Embryonic stem cell research is consistent with Christian ethics but that hasn't stopped the Bush White House and their allies in the Religious Right from doing everything in their power to curtail the science.
Why the fierce fire directed at Fox?
John Nichols wrote a good reflection in The Nation about the controversy and links it back to something Paul Wellstone told him just before the U.S. senator from Minnesota was killed in a plane crash:
Wellstone couldn't stop talking about the actor's (Fox's) autobiography, especially the sections where Fox wrote about his struggle with Parkinson's disease. The senator from Minnesota, whose parents had suffered from that ailment and who had himself been recently diagnosed with a mild form of multiple sclerosis, related to what he was reading. He went on at some length about how important it was for prominent people to be open about their chronic conditions. He felt it helped promote understanding and empathy, which in Wellstone's view was often the first step toward political engagement. And, as the senate's most passionate advocate for medical research and a national health care system, he felt that engaging the great mass of Americans in a discussion about the importance of federal and state funding of groundbreaking -- and sometimes controversial -- studies was essential.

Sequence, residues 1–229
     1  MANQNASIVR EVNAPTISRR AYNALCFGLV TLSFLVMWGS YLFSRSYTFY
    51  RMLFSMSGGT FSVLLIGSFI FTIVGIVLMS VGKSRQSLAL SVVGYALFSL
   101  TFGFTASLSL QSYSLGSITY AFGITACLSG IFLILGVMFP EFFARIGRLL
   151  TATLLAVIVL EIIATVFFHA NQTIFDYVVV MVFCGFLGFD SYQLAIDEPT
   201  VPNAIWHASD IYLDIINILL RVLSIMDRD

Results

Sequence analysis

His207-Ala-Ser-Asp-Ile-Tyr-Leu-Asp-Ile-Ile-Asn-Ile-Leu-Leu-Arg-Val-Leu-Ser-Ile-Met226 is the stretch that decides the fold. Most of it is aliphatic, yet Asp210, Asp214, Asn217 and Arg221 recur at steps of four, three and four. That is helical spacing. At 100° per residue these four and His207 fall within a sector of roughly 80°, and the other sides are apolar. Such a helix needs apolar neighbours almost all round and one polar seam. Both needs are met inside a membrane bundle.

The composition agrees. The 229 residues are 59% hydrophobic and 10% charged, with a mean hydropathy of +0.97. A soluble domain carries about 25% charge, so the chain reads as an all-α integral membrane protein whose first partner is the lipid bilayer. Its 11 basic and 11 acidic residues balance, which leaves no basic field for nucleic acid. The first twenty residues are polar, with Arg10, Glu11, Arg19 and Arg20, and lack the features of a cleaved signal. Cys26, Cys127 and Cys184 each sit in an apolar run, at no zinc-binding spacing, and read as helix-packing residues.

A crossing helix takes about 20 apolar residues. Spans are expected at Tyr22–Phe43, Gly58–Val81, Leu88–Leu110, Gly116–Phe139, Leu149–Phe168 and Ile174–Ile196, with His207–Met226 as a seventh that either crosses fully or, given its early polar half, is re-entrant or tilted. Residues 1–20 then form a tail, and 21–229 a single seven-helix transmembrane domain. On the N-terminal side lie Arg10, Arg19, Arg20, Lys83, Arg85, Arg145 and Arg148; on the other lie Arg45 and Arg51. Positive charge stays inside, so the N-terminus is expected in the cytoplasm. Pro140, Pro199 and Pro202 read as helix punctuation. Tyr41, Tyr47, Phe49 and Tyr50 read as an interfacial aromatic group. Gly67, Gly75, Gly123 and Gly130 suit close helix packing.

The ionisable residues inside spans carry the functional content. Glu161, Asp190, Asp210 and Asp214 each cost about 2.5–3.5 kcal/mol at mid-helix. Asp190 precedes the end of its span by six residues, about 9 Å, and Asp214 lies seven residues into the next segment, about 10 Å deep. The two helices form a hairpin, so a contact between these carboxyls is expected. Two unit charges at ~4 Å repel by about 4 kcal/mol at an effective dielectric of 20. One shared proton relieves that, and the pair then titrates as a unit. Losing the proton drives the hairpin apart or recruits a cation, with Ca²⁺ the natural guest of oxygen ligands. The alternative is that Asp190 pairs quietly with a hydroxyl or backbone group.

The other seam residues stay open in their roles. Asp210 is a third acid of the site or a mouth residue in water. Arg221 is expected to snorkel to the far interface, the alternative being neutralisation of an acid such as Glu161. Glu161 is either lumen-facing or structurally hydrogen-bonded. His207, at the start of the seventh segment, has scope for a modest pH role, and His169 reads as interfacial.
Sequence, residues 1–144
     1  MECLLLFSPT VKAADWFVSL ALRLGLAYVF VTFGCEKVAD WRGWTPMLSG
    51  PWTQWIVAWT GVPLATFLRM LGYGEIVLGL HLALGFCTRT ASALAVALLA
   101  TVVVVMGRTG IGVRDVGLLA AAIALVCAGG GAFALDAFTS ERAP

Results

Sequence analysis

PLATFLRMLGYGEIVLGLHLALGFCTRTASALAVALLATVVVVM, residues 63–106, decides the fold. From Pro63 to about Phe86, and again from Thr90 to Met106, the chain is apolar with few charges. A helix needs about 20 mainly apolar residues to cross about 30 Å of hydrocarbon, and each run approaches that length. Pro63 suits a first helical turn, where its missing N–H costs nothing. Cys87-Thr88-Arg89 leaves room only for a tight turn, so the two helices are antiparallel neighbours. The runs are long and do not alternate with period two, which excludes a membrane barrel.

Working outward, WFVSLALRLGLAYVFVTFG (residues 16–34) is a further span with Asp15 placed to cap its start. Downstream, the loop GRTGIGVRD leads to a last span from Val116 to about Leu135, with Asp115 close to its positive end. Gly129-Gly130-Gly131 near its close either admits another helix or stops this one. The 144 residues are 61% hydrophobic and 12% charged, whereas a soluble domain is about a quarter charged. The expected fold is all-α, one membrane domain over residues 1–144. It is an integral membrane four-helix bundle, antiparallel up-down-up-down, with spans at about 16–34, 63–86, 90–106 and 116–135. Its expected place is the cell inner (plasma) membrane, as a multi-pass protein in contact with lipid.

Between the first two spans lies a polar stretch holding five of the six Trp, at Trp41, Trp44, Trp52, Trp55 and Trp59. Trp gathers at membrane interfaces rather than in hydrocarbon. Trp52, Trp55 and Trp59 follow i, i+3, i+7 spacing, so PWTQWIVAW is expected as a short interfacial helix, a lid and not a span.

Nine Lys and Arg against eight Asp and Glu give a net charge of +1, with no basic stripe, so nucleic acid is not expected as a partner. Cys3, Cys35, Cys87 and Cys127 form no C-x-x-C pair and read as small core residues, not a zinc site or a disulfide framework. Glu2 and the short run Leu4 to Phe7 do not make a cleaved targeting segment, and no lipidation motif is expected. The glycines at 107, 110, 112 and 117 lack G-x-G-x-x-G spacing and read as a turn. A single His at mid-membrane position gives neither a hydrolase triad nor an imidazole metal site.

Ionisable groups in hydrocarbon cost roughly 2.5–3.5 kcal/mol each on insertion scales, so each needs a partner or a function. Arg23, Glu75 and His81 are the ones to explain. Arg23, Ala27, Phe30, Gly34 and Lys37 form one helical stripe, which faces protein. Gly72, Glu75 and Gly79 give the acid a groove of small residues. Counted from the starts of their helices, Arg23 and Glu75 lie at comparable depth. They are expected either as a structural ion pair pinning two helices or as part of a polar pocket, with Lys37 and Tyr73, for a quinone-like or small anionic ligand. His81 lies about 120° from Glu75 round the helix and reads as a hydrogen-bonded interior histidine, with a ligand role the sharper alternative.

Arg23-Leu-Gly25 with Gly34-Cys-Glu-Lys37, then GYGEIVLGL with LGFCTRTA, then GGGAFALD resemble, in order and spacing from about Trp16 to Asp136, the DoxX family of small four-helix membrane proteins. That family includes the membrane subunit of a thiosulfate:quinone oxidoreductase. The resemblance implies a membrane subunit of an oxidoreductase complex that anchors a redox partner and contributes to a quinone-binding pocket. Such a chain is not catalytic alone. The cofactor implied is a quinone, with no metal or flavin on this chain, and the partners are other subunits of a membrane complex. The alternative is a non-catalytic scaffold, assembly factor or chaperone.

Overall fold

After President Bush's 2001 decision to sharply limit federal funding of medical research that uses embryonic stem cell lines, Wellstone said, "The sharp limitation of federal support may well close the door on some of the life-saving promise of embryonic stem cell research, which can be conducted consistent with basic ethical and legal principles that respect the value of human life. I do not believe that President Bush's decision will be the final word on this important federal policy. In light of this disappointing announcement, Congress, and the American people, will now surely be heard...."
As he was on so many issues, Paul Wellstone turned out to be prescient.
On this, the fourth anniversary of his death in a Minnesota plane crash, stem-cell research is finally emerging as the sort of political issue that Wellstone thought it should be....
This week, Fox began appearing in televised campaign commercials for Democratic supporters of embryonic stem-cell research -- including Missouri U.S. Senate candidate Claire McCaskill, Maryland U.S. Senate candidate Ben Cardin, Illinois U.S. House candidate Tammy Duckworth and Wisconsin Governor Jim Doyle -- who are locked in tight races with Republicans who want to limit support for scientific inquiry.
Rush Limbaugh and other right-wing commentators who once trashed Wellstone are now attacking Fox. Limbaugh has gone so far as to claim that the actor "is exaggerating the effects of the disease," while claiming that the commercials are "purely an act." Why the attacks? It comes back to that point Wellstone made: When a prominent figure who suffers from a life-threatening condition joins the debate over funding scientific research, it can shift the political pendulum. If Michael J. Fox succeeds in framing the stem-cell research fight as the life-and-death issue that it is, then, perhaps, "the American people will now surely be heard." And Paul Wellstone will again be proven right.
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